Psychiatric Service Dog Hank
Jun 10, 2016
Hank is a 2-year old, male Rottweiler mix. After 4.5-months of intensive training he is now also a highly proficient psychiatric service dog.
Hank services a teenage recipient in Tennessee, who suffers from severe schizophrenia that includes visual and auditory hallucinations. Hank mitigates the limitations and effects of her psychiatric disability by performing specialized behaviors that reduce the frequency, severity, duration, and impact of her hallucinations. When Hank perceives a forthcoming hallucination, he automatically performs a tactile behavior that often interrupts the onset of the hallucination. In addition, to maximize his utility as a psychiatric service dog, Hank is trained to perform multiple tactile, grounding, and buffering behaviors upon the command of the recipient, so that his behavior can be flexibly applied dependent upon the temporal nature of the recipient’s immediate psychological needs. Moreover, he has wonderful on and off-leash obedience skills and terrific household manners and social skills.
The teenage recipient’s parents asked CPT to evaluate Hank in October 2015. At the time, we also compiled a detailed report that custom designed a psychiatric service dog program for their disabled daughter.
The CPT Service Dog Program
Customization is a major advantage of the CPT service dog program. We first compile a detailed medical report for each client program. We then design customized specifications for the candidate dog’s training program, construct specifications for the ideal dog for the program, and evaluate a dog if the client arrives with a candidate. If a client does not have a candidate animal, we will assist the client in locating, evaluating, and selecting an optimal candidate. After we complete the specifications, the client has signed a CPT Service Dog Contract, and CPT has successfully evaluated a candidate, we commence the training portion of the program.
Our recipients run the gamut from children as young as 3 years of age to senior citizens, although in the case of very young children the dog will usually be handled by an adult caretaker. Disabled recipients who have benefited from a CPT Service Dog Program include persons with physical/mobility disorders (paralysis, CNS diseases, TBI, stroke, vertigo, sympathetic dystrophy, amyotrophic lateral sclerosis, et al.), hearing impairment (full deafness, cochlear implants, et al.), cognitive and sensory processing disorders (autism, mitochondrial disease, developmental disorders, et al.), narcolepsy, severe migraines, seizure and quasi-seizure disorders (general seizures, focal seizures, neurocardiogenic syncope), and psychiatric disorders (schizophrenia, major depressive disorder, general anxiety, state anxiety, post-traumatic stress disorder, rape trauma syndrome, obsessive-compulsive disorder, et al.). Please note that if the recipient is not of the age of majority and not considered “mentally competent,” then we require that an adult “agent” become the primary client for the purpose of signing the contract and providing payment.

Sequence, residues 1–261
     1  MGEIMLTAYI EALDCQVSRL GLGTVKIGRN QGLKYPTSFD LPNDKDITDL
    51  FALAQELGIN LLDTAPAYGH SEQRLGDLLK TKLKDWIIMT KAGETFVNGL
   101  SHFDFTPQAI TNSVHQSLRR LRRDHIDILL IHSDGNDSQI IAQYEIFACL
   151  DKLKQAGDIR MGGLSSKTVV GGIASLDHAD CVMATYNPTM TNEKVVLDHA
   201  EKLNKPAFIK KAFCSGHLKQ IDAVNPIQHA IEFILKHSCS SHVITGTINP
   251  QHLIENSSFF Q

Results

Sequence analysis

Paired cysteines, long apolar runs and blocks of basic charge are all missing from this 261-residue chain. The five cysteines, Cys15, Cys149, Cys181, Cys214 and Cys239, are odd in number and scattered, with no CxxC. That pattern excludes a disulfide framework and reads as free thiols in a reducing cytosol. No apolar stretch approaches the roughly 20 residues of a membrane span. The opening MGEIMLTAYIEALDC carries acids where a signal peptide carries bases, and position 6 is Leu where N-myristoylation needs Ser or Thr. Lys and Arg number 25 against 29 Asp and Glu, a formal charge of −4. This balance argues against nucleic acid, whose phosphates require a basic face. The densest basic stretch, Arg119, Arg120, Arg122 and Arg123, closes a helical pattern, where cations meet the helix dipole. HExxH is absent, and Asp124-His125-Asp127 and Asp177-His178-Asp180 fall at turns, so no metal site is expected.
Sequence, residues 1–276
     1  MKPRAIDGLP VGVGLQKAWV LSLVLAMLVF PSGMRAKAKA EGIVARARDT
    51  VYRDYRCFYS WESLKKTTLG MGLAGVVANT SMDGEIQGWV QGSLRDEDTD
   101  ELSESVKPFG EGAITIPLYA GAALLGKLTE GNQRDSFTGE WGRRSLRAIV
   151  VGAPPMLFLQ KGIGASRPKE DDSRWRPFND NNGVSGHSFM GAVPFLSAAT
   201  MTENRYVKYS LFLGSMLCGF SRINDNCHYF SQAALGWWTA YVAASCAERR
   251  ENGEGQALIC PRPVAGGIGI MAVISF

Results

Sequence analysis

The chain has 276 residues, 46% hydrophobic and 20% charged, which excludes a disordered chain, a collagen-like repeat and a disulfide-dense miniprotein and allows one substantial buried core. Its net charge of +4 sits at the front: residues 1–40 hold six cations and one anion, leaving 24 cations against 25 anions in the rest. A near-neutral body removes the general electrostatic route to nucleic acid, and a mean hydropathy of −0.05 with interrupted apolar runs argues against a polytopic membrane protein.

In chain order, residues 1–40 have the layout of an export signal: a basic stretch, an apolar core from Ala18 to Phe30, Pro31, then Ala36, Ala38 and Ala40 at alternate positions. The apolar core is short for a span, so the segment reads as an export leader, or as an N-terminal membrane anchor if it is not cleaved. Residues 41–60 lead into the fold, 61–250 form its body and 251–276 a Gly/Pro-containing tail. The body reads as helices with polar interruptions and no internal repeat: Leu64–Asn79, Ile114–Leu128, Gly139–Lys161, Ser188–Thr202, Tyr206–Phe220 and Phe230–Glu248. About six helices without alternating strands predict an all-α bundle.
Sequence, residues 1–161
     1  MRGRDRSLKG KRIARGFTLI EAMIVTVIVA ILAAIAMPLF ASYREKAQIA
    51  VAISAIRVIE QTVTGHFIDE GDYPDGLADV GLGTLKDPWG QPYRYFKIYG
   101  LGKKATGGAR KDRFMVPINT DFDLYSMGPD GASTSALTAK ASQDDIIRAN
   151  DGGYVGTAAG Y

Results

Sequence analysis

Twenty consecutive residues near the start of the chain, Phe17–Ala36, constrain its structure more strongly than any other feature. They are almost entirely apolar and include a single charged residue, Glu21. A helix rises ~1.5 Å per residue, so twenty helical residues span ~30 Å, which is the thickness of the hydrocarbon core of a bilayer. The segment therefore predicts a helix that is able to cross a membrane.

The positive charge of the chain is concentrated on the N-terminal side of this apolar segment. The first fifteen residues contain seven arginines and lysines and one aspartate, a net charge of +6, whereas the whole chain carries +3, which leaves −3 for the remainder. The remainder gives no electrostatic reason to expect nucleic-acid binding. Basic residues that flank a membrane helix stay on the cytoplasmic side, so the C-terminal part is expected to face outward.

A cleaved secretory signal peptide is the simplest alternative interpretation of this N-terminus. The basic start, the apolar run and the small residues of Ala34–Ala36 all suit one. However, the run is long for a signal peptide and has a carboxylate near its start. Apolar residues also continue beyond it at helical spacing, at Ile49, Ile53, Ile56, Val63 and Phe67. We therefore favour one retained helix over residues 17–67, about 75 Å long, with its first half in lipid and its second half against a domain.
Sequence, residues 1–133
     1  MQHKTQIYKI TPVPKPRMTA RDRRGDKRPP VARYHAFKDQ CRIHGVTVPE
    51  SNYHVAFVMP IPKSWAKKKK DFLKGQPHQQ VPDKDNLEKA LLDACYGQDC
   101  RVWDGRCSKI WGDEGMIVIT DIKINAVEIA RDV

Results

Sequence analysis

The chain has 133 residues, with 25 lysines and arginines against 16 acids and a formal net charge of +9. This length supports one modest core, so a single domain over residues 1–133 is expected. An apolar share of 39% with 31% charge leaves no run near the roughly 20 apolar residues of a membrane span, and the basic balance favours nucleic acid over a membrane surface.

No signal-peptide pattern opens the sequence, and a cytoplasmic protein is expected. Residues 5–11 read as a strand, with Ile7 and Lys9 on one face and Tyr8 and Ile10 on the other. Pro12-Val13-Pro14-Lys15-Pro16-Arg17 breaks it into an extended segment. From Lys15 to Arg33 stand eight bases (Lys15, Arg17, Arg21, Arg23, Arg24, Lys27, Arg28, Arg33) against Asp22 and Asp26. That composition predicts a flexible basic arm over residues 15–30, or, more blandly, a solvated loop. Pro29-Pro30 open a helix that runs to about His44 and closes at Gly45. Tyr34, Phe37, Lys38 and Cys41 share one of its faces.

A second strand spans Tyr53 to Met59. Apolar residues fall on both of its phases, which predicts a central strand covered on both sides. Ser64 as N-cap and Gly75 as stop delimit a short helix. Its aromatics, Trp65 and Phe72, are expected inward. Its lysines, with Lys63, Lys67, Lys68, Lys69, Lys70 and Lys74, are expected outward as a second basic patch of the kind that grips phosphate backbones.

The training portion of the program may be either a Board Training Program or a Hands-On Program. With the Board Training Program, the candidate dog will reside at the home of a CPT Trainer, who will educate the dog in basic obedience, household manners, socialization skills, assistance behaviors specified in the customized lesson plan, and public access behaviors. After the dog’s training is completed, we then educate the recipient and/or caretakers how to handle and manage the dog. With the Hands-On Program, we teach the recipient or agents how to train the dog. The Hands-On Program requires that the individuals reside proximal to CPT and have sufficient time, diligence, aptitude, and interest to conduct the complex and time-consuming service dog training process.
Hank’s Psychiatric Service Dog Accomplishments
In the case of Hank, he made great and even unexpected strides during his Board Training Program. Hank was evaluated as a borderline candidate. He initially exhibited nonreactive impulse control issues, independence, and restlessness that prevented us from rating him as an ideal candidate. However, the talents and diligent efforts of CPT Trainer Lisa Carroll evolved Hank into an outstanding psychiatric service dog, who remains calm, composed, cooperative, and focused on task, regardless of the environment. Moreover, post his board-train, Lisa did a terrific job of coaching the recipient and her family how to properly handle and manage Hank at home and while out in public.
We knew we did a great job when the recipient’s family sent us photos of Hank accompanying their daughter on stage during her high school graduation. Without Hank the recipient was hesitant to participate in her graduation ceremony. With Hank she confidently participated and experienced a memory that she and her family will cherish.
Thank you Lisa! Thank you Hank!!